For more help with your characters, contact me to review your story and I’ll give you some tips!

The Writer’s Guide to Avoiding Carpal Tunnel

For writers, carpal tunnel can, unfortunately, be a common reality. Carpal tunnel syndrome (CTS) is caused by compression of the median nerve as it passes through the front of the wrist. Over time, this compression can lead to constant numbness, burning or pain. Weak hand muscles can contribute to the condition, as can arthritis. If you’re a writer, here are some tips to help you make sure that you don’t fall victim to this inconvenient condition.

Carpal Tunnel: A Writer’s Worst Nightmare

Writers can spend hours at their keyboards, and many may find that they don’t do a good job of monitoring their posture, wrist position, or any pain they may be experiencing. CTS worsens with time, and without treatment, you can find yourself unable to perform the basic duties of your occupation as a writer. As soon as you notice pain or fatigue, break away from the keyboard for some simple stretches to reduce pressure on the median nerve.

Stretch Your Wrists and Arms Frequently

There are simple stretches you can do at your desk to lessen the risk of CTS. Performing a gentle wrist bend for five seconds, both up and down until you feel the stretch in your forearm, is a great way to give your wrist rest and provide a break for your brain.

Another easy exercise you can do from a seated position is to press your hands together in prayer position directly in front of your sternum. Lower your pressed palms until you feel the stretch in your wrist, and hold this for five seconds. You can also stand and press your palms flat on the table in front of you. Gently lean forward with your arms straight so that your shoulders extend to the ends of your fingertips or until you feel a stretch in your wrists.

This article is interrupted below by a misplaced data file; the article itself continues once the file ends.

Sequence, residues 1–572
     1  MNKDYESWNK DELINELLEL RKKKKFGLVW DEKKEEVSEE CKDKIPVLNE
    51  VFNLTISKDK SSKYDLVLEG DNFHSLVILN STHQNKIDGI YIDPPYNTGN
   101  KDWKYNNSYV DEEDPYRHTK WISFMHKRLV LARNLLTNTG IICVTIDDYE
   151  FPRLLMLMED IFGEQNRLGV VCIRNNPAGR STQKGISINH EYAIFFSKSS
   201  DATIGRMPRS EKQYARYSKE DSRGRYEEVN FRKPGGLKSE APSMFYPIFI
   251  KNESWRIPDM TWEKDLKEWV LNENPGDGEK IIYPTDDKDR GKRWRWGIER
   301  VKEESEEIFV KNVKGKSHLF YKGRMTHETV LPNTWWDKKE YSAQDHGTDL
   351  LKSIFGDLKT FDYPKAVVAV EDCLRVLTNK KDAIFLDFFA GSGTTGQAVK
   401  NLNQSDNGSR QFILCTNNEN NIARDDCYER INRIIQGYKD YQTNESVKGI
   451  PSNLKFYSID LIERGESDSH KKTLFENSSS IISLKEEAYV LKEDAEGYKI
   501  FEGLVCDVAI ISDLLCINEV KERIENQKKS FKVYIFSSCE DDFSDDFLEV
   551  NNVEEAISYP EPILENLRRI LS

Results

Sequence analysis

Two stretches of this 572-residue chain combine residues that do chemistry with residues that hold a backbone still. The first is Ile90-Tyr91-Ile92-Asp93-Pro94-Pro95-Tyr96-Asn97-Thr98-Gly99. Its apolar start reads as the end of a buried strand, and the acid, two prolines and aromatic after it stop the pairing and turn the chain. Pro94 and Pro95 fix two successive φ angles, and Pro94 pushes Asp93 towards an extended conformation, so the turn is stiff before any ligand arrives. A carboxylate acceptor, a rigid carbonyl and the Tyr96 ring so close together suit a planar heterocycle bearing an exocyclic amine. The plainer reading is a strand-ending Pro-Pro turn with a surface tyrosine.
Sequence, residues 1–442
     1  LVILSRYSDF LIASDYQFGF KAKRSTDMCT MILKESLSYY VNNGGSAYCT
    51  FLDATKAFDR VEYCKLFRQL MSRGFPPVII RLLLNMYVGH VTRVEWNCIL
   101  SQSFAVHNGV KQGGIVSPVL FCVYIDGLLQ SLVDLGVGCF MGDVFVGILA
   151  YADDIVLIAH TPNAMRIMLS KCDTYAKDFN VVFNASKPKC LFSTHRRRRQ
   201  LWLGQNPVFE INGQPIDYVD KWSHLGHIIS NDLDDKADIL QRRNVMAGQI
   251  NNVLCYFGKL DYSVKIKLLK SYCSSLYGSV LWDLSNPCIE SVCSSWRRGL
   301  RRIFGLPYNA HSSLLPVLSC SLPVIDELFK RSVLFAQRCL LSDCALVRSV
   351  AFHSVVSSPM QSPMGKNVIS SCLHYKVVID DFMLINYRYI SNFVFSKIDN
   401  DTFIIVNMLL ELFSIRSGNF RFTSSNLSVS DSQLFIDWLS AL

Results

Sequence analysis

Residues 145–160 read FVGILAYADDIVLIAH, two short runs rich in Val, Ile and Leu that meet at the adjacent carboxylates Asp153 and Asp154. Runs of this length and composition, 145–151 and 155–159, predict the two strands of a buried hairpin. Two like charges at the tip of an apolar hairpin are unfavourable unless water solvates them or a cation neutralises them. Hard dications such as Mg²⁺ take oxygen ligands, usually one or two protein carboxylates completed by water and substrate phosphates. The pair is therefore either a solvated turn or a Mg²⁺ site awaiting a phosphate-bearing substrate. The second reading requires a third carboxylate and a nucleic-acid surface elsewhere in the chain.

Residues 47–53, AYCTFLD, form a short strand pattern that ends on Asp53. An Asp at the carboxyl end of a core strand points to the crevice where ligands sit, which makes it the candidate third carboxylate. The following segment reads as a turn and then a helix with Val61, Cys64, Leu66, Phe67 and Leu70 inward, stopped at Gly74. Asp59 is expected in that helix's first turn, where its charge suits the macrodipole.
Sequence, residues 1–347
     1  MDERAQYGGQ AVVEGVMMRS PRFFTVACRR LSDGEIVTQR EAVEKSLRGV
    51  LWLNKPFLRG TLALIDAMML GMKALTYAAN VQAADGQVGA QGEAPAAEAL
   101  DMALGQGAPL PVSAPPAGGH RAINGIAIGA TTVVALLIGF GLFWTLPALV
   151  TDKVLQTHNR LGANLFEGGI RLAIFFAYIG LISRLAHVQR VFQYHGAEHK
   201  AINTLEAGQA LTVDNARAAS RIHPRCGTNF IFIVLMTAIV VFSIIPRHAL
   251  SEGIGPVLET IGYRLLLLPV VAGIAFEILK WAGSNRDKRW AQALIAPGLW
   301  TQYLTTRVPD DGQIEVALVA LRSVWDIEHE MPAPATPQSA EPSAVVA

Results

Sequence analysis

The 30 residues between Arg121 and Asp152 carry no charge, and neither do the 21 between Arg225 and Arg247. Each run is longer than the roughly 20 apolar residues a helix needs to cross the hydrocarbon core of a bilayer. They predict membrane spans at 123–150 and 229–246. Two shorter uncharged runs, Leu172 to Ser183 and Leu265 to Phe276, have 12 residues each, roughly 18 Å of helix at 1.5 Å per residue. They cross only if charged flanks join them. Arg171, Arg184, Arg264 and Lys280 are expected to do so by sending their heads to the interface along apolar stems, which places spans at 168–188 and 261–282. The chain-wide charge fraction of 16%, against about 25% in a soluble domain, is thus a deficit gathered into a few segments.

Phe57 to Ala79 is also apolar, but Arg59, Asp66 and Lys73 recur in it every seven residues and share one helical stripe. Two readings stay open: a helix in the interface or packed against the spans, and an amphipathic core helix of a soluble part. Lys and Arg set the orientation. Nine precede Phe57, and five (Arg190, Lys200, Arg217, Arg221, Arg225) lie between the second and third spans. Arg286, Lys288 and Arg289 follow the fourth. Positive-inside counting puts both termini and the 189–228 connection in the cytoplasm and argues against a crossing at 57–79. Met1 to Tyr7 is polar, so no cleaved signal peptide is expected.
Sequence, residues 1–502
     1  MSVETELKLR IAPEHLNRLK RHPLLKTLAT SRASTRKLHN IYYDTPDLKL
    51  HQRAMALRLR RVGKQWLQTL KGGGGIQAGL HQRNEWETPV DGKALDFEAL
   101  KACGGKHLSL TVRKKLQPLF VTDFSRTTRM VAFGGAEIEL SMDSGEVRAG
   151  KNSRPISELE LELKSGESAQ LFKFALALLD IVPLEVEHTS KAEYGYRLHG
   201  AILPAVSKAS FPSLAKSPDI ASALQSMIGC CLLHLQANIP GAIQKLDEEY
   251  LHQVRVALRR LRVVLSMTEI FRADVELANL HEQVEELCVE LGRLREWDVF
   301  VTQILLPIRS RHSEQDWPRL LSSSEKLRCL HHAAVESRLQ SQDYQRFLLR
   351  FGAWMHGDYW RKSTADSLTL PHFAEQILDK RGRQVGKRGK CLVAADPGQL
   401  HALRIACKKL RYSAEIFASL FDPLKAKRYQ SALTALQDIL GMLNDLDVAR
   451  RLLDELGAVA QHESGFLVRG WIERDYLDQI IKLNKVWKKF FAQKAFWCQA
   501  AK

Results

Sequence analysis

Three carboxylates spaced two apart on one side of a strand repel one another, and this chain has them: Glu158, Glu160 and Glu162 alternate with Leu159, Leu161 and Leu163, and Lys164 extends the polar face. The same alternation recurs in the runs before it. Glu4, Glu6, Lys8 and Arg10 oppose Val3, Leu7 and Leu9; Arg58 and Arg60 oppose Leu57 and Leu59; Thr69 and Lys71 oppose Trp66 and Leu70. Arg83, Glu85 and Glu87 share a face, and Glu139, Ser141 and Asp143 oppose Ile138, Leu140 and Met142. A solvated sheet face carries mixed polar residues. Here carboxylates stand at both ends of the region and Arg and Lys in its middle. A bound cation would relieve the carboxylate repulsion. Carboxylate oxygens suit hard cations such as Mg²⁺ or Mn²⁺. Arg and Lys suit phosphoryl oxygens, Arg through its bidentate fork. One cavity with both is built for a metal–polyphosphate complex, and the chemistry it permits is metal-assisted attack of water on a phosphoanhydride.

Increase Your Hand Strength

People with weak hands are more prone to developing CTS. Simply stretching your fingers and then grasping them tight into a hard fist is a great way to strengthen your hands. Do this for one minute, then shake your hands out for another minute.

If you walk on the track for any part of your workout, try to carry a hand weight with you for a lap or two, then set it down and shake out your hands for a lap. As you do these exercises, make sure to take a stretch break to both ease tension in the wrist and loosen up the newly worked hand muscles.

Use a Timer

Writers like to get in the zone or lose themselves in the document they’re working on. Unfortunately, this can lead to several hours in a chair before you realize that you really should move your body and stretch your hands and wrists. Many cell phones have a clock feature that includes a timer. Set this timer to go off in an hour and put it across the room so that you have to get up and turn it off. If you’ve got wrist problems, taking a break is critical.

CTS impacts more than just your writing time. You may find that your hand hurts or goes numb. It may feel cold no matter how warm the rest of your body feels. Over time, you may lose gripping strength or start to have problems with dexterity. Take care of your wrists on a daily basis to reduce your risk of developing carpal tunnel syndrome.

Are you in need of someone to look over your story and tell you if it’s any good? Let me help!

Answer These Questions to Make Your Characters More Well-Rounded

Storytelling is an integral part of the human experience. Authors have created new stories since the dawn of civilization. A story can serve many purposes: to entertain, to educate or to build a common sense of community through shared cultural meaning. Whatever the purpose, writing believable characters is crucial to the composition of an engaging, compelling piece.